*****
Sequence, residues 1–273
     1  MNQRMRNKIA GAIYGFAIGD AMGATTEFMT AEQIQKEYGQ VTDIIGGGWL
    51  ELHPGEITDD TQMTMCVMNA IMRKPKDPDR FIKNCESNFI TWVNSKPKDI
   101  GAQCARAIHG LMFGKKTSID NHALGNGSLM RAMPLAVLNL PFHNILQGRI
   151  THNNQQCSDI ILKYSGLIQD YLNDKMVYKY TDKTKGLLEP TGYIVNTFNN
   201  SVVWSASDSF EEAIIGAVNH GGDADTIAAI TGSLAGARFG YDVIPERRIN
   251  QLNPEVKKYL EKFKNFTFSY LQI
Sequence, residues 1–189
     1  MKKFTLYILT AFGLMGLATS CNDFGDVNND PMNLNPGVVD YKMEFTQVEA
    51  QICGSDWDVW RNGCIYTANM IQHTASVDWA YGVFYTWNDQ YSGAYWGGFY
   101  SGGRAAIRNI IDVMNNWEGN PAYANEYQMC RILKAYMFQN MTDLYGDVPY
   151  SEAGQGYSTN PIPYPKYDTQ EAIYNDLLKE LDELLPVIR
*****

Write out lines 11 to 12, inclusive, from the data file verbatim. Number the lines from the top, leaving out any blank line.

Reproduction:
   101  SGGRAAIRNI IDVMNNWEGN PAYANEYQMC RILKAYMFQN MTDLYGDVPY
   151  SEAGQGYSTN PIPYPKYDTQ EAIYNDLLKE LDELLPVIR